Chaliha and many others came forward to help and
organise the local planters. Although the Nationalist
movement took violent turns from time to time,
even the British tea companies and their estates
did not suffer much. These Nationalist leaders
were very popular among the villagers living around
the tea estates and the agitators were urged by
the leaders not to damage or sabotage the plantations.
The public leaders, some of them tea planters,
knew the value of public relations around the
industries, which, some of our present-day modern
planters and plantation companies are overlooking
in their zeal for increase production, sale and
Lest we Forget the contribution of the local
planters in socio-economic development of the
region have been recognized by all enlightened
Governments and well-informed citizens. The role
of the local planters in development of education,
art, culture etc. of the region deserves more
and wider publicity to prove that our industry
is not motivated by profit alone. Contributions
of Jyoti Prasad Agarwala, Parbati Prasad Baruva,
Rohini Kumar Baruah in producing Assamese films,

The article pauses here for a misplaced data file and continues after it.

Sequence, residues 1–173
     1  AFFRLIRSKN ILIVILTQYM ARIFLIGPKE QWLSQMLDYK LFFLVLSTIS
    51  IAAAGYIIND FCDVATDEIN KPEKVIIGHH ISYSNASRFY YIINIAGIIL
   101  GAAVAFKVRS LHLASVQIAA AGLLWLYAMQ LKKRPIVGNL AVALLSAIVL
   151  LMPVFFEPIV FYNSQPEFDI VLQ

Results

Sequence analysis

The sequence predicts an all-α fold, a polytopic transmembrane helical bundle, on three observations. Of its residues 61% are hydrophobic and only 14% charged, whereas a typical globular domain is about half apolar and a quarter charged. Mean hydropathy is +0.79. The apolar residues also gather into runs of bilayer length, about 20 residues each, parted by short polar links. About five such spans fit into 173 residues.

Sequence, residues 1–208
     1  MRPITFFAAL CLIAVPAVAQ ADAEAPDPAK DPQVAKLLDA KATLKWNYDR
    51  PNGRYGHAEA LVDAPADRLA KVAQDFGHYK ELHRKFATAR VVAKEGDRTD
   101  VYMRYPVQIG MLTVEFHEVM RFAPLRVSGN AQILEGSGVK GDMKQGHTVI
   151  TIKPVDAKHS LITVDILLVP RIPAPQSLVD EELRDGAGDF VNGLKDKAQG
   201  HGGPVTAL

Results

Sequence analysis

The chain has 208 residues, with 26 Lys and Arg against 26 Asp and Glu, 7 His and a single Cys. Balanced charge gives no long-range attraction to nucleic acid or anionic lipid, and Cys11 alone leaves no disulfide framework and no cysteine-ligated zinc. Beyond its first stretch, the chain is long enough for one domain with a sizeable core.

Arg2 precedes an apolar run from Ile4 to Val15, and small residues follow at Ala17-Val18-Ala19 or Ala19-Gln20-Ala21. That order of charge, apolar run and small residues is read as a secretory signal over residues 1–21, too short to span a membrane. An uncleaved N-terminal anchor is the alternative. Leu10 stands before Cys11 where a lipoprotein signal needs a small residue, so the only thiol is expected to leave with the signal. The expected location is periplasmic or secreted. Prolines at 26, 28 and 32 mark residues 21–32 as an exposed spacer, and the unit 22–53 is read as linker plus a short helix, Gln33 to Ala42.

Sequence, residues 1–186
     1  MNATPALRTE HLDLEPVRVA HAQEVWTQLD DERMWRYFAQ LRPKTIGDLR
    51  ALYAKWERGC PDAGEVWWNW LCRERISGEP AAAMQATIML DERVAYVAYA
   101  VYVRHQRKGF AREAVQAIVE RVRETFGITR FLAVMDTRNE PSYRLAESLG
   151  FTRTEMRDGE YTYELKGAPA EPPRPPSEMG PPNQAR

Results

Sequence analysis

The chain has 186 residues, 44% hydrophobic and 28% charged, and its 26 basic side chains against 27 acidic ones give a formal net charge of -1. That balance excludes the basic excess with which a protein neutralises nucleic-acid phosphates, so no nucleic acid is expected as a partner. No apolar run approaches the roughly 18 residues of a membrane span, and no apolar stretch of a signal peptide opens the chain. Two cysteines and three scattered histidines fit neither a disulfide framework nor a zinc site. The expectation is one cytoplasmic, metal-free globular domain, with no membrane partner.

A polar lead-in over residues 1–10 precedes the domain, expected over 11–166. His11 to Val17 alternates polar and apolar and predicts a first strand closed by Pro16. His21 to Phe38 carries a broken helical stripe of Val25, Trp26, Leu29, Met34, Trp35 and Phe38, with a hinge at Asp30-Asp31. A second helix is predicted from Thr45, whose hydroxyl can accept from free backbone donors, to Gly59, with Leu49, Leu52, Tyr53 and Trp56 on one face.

literature, songs, dramas etc. are well-known
in this State but many remember that they were
also tea planters. Many schools, colleges, clubs,
hospitals, libraries, temples etc. have been opened
by the local planters in different parts of the
State. J.B. College of Jorhat, founded on a plot
of land and a house donated by a local tea planter
family,commemorates the name of the first graduate
tea planter Jagannath Barooah. The Medical College
of Dibrugarh is situated on land of the Jalan
family. To name only a few - Kanoi College, Chandra
Kamala Bezboruah College, Devicharan Baruah Girl's
College, Dr. J.K.Saikia Homeo College, N.N.Saikia
College, Debraj Roy College, Jogananda Deva Goswami
College, Handique Girl's College - are all established
by donations of the local planters. Bisturam Barooah
Hall, Bisturam Barooah Hospital, Dandiram Bardoloi
Child Welfare Centre, Bhagawati Prasad Baruva
Hall, Lakhiram Barooah Hall, Chandrakanta Handique
Hall, Kali Prasad Chaliha Memorial Hall, to name
again a few only - are all results of the local
planters' generosity and philanthropy.
All progressive tea planters are aware of their
duties towards the region of their operations
and the Country. Right implies duties. We cannot
claim our right to progress in our trade without
performing our rightful duties. The responsibility
of thousands of the workers and their families
lies with us. As they are increasingly becoming
conscious of their rights, they are also expected
to be aware of their duties. In the same way the
Government has the right to tax us, as well as
some duties for our progress and success. The
Assam Tea Planters' Association, completing 50
years of its humble but useful life this year,
looks forward to better productivity and industrial
peace in the years to come.